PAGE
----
The end of the hay is just around the corner. When we started this past winter we were unsure of how much hay we would need to get us through spring, but we made it. Even with adding another cow. When it is all said and done we will have gone through 225 bales of hay! We are hoping to not have to buy hay next year, instead we hope to plant crop that we will be able to harvest. We just need the fields to dry out enough that we can work them and plant them. Chuck read that because it has been so wet and cold many farmers have not been able to get out in the fields resulting in something like only 10% of the corn and oats being planted. Last year with the drought hay was hard to grow resulting in $5 a bale hay and this year with farmers getting a late start who knows what is going to happen.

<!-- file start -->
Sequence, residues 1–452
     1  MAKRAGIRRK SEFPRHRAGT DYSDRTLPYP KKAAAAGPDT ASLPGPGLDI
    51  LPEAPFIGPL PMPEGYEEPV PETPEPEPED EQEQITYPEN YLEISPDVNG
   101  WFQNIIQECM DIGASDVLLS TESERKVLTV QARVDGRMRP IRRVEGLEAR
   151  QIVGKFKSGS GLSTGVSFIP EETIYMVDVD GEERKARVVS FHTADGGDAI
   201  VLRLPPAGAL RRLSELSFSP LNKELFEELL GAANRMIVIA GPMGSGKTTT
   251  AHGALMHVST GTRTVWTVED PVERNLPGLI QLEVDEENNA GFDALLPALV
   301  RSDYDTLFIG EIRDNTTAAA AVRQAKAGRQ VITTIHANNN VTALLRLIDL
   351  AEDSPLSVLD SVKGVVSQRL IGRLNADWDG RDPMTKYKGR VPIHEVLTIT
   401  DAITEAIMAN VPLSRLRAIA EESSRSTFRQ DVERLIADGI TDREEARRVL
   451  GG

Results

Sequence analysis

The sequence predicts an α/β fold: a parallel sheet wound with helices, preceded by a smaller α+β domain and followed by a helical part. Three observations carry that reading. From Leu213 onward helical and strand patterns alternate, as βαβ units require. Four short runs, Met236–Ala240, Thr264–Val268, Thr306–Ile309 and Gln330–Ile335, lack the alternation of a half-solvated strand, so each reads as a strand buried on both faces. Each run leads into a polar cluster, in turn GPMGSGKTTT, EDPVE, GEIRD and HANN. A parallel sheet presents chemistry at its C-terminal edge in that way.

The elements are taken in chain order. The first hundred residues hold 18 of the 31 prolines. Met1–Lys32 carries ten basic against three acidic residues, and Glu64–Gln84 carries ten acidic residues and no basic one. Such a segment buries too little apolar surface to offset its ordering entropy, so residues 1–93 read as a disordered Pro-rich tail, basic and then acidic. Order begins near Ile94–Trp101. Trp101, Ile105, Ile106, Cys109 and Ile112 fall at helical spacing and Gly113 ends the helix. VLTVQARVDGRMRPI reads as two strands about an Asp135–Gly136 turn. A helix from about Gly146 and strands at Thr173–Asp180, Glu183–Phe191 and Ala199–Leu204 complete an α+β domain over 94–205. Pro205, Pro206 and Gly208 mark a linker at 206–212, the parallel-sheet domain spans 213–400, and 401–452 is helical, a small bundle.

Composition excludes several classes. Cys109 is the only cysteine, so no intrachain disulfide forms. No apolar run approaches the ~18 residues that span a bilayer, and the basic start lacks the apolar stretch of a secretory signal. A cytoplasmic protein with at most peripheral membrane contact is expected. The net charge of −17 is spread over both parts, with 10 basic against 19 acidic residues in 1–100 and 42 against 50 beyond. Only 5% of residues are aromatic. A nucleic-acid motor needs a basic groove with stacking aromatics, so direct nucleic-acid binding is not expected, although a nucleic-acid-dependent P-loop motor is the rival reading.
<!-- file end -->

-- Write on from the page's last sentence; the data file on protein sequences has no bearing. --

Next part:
On a brighter side our hatched hen is laying pullet eggs. Right around 5 months after a hen has hatched she will start laying eggs. Our chicks hatched on December 14 so today is pretty close to 5 months. A pullet egg is much smaller than a regular hen's eggs as you can see in the picture. Of the 5 chicks that hatched we only have one hen, they say that the first year of a hens life she will lay close to 256 eggs! Each year after that the number declines, I am not sure by how much, but the eggs get bigger as she gets older and eventually she stops laying. Chuck and I both enjoy raising hens, we hope that one day we will have enough hens to provide us with eggs to take to the farmers market in Pine City. But right now we are just focusing on providing for our family.